Ironically, the Bush Administration is communicating its fear of the world rather than a confident sense of its role. By contrast, China -- with, for example, its high-profile diplomacy at the Association of Southeast Asian Nations (ASEAN) conference -- has demonstrated increasingly friendly and stable relations with Southeast Asia. As the New York Times reported, "The perception is that China is trying to do its best to please, assist, and accommodate its neighbors while the United States is perceived as a country involved more and more on its own foreign policy agenda, and strong-arming everyone onto that agenda."
Given these trends, few could have been surprised when, for reasons
of "security," President Bush's state visit
to the Philippines -- one of Washington's two newest
"major non-NATO allies" -- was limited to just
eight daylight hours, while his time in Indonesia was limited
to three hours in Bali.
The National Security Strategy and Asia
The Bush Administration's dangerous National Strategy Statement (the most comprehensive official public statement of US foreign and military policy) proclaims that there is but "a single sustainable model for national success." Only those nations that adopt the US versions of "freedom, democracy, and free enterprise" can be assured "future prosperity."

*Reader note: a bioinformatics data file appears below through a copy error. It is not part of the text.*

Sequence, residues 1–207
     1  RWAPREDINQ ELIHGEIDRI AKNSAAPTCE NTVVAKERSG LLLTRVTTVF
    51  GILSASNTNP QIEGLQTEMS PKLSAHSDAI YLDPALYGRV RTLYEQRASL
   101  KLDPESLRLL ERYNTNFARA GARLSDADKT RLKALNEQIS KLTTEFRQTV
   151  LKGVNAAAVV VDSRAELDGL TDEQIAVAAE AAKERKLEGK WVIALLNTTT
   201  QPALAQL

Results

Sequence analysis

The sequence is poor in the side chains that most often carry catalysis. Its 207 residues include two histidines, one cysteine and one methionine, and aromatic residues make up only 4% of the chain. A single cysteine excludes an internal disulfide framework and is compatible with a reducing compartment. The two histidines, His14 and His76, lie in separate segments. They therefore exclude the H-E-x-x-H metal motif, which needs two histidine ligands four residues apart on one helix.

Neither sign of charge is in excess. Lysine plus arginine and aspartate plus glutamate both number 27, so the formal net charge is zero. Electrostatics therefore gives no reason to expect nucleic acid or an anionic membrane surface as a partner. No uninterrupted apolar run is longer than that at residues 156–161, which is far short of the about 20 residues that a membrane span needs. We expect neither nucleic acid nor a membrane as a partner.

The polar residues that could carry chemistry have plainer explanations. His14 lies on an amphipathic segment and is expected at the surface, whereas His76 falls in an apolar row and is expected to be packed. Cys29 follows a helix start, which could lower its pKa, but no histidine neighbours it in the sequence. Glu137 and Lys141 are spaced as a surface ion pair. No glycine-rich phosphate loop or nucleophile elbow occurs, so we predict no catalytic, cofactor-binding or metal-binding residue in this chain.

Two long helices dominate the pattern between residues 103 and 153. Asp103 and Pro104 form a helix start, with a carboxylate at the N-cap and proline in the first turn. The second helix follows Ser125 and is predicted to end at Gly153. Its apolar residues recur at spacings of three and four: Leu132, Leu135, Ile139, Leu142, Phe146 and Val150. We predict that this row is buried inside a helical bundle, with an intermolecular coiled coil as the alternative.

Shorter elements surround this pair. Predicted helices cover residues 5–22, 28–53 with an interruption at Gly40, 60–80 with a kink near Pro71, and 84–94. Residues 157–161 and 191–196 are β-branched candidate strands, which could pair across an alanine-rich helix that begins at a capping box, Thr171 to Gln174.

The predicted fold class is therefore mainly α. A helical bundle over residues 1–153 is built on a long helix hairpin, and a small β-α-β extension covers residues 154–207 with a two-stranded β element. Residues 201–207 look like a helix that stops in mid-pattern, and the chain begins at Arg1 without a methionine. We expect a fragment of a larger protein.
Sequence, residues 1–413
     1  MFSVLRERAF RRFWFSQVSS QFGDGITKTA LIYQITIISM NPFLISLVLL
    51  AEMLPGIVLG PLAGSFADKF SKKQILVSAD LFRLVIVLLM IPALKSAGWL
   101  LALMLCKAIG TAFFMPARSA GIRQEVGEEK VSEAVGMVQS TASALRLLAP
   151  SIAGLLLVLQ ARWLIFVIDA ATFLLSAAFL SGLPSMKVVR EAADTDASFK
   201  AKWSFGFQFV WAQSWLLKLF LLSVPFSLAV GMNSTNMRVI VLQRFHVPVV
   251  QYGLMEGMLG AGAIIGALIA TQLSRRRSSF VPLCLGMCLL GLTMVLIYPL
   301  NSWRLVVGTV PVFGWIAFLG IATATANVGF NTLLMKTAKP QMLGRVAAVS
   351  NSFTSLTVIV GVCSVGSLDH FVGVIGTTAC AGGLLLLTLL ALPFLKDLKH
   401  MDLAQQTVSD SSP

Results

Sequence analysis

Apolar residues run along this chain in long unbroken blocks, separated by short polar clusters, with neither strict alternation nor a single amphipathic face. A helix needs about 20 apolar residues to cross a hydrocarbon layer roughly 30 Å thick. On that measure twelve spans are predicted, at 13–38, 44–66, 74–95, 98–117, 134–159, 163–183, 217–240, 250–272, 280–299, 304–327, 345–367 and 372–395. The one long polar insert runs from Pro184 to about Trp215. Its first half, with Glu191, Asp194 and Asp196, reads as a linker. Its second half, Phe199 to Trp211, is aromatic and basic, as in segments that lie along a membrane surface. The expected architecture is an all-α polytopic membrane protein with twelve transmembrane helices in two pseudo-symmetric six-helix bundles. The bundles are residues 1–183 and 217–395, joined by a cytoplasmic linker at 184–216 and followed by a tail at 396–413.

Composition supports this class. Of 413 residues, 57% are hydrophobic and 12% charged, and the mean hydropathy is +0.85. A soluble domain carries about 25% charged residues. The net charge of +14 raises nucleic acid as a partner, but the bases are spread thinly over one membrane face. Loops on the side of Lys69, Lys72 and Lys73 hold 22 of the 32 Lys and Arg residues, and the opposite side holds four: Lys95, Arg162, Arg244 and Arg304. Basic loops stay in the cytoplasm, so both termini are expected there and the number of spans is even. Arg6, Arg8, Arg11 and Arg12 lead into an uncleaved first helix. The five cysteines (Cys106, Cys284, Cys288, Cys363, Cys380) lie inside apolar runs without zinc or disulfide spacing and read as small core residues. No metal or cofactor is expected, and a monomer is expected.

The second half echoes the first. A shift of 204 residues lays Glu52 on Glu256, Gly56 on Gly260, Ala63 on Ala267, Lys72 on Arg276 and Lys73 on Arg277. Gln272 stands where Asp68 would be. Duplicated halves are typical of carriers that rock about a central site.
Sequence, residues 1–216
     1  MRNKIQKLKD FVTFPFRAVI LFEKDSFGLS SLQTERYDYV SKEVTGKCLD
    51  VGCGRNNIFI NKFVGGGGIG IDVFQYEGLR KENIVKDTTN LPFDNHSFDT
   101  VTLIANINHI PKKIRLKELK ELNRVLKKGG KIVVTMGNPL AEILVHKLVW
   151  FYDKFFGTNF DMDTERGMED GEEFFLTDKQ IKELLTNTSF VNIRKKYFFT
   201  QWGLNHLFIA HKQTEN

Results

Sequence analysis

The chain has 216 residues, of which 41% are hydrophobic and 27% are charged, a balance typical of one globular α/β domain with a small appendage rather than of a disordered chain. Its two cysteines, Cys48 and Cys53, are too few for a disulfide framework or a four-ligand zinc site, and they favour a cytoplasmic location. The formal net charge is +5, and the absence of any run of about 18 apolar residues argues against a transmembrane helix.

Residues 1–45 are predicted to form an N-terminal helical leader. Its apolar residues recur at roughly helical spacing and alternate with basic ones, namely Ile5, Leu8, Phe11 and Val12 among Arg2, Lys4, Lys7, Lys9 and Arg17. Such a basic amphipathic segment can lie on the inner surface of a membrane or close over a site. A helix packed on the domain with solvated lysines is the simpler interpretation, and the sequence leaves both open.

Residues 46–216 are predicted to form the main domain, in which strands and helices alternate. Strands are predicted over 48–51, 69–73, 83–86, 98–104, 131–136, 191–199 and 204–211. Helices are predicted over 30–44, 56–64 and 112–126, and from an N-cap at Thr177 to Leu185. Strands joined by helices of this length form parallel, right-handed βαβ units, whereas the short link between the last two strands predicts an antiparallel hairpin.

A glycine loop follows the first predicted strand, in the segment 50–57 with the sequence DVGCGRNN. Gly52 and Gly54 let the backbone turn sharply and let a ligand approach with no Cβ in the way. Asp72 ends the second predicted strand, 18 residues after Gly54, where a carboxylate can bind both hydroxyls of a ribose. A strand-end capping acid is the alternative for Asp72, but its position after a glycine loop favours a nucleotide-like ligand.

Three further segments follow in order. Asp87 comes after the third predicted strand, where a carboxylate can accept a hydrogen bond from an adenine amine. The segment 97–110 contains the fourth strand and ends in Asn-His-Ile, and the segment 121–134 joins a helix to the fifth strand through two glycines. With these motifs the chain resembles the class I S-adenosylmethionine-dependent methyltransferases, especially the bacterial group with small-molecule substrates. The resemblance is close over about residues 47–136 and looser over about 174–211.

The Strategy Statement announces that to "enhance our Asian alliances and friendships we will:"
Vacillating Policies Toward Korea
Divisions within the Bush Administration lead many to wonder if Bush and Cheney actually have a coherent Korea policy. Who can blame them? Rumsfeld has called for China to join the US in a regime change war against Pyongyang, while Colin Powell says the US is committed to negotiating with the DPRK. These mixed messages have been continual since George W. Bush seized power. On the eve of September's six-nation talks in Beijing, news of a new Pentagon war plan was leaked to the press, US and allied forces joined in training exercises to interdict North Korean ships, and Charles Pritchard, who favored putting forward a proposal that could serve as the basis of negotiations, was ousted from the US negotiating team. Predictably, the Beijing negotiations floundered. Surprisingly, China blamed the Bush Administration for the talks' failure. Washington reversed course by indicating its willingness to offer Pyongyang some form of a non-aggression pact.